A NEWRY woman who lives in New York has told of her fear as her 36-storey apartment block swayed as Superstorm Sandy hit.
Grace Smith, a business analyst who lives in Manhattan, told the News Letter last night she had no power and that the only food she had left was chocolate.
Before the storm arrived she had spoken of the eerie quiet of the city as it awaited the expected hurricane.
The UCD graduate joined Newry-based financial software and consulting business First Derivatives in 2010 and was first posted to Toronto before moving as an analyst with Credit Agricole in New York just over a year ago.
Grace’s apartment is in Manhattan, which escaped the worst of the storm damage. However, the storm itself was still a disconcerting experience, she said.
“We got the worst of it last night from about 8pm, with the power going out at 12.30am,” she said last night.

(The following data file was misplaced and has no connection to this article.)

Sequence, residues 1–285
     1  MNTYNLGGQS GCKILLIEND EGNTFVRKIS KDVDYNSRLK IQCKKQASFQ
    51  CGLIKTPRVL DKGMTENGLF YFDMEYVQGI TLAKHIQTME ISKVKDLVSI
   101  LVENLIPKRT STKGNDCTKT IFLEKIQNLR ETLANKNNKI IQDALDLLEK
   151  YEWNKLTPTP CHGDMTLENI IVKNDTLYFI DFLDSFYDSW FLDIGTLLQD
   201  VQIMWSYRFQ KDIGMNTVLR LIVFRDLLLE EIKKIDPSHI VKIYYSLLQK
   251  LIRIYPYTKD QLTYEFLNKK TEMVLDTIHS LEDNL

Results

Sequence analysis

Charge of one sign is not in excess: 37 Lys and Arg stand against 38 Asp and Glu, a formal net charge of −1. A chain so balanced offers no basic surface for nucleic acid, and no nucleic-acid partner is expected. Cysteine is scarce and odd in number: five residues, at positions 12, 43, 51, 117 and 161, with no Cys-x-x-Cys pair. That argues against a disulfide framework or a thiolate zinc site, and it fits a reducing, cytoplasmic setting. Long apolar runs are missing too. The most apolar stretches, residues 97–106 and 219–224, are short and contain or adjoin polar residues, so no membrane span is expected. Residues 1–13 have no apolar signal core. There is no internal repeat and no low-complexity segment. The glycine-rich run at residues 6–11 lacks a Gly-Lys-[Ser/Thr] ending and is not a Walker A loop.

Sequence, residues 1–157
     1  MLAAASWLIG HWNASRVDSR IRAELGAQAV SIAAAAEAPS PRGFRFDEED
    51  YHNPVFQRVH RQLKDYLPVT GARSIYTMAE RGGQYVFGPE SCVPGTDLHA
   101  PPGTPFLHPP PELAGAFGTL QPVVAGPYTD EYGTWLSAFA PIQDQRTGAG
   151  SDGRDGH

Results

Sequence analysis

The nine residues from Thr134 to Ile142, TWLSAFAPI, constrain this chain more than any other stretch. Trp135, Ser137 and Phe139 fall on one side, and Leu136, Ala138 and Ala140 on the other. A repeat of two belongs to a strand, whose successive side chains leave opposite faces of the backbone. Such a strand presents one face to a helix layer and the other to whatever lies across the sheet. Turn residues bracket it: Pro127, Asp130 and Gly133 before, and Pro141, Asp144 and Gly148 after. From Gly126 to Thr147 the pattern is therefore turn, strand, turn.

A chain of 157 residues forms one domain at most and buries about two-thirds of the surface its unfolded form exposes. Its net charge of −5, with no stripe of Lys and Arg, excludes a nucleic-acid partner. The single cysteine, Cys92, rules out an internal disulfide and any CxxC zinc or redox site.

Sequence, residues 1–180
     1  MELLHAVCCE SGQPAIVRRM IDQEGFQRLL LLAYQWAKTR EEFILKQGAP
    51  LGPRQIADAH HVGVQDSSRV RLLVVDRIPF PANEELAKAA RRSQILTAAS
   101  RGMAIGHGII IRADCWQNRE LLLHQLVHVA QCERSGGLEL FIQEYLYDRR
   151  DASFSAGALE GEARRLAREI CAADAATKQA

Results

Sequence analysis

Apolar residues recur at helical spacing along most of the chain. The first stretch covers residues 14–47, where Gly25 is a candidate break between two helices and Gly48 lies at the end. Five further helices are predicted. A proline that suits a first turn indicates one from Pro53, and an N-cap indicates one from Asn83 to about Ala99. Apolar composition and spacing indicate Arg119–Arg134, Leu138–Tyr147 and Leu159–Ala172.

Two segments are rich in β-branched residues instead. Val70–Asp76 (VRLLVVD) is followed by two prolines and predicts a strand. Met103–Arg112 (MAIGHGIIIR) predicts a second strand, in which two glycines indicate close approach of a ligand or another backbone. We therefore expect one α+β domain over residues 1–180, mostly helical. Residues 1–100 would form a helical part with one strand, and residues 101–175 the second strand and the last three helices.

Grace spent the night of the storm playing board games with her two flatmates, describing the evening as “frightening”.
From 7pm on the night of the storm it was “very bad” until about midnight-1am when it began to ease.
“I feel like the worst of it was last night. It was very scary, with winds blowing from 60 to 80mph.
“You could feel the building moving.”
Grace lives on the 18th floor of a 36-floor apartment block.
“I wasn’t too bad with it moving, but people I spoke to on the 34th floor were a bit concerned.”
Grace went into work on Monday morning but was told by her employer to go home for her own safety as the storm approached.
But today she will be going back into work and expects the city’s power to be back online.
Although her own power is out, her mobile and landline phones are working. However, she does not have any hot water or cooking facilities.
“I am trying to find a shop which is running on an electricity generator so I can buy some food.”
In the meantime she has “a lot of chocolate” to fall back on, she said, laughing.
“The streets were deserted during the storm, although there are now more people out and about. It is still windy today, though not as bad as it was.
“In all, about half of New York is without power today. I am quite surprised it is still off.”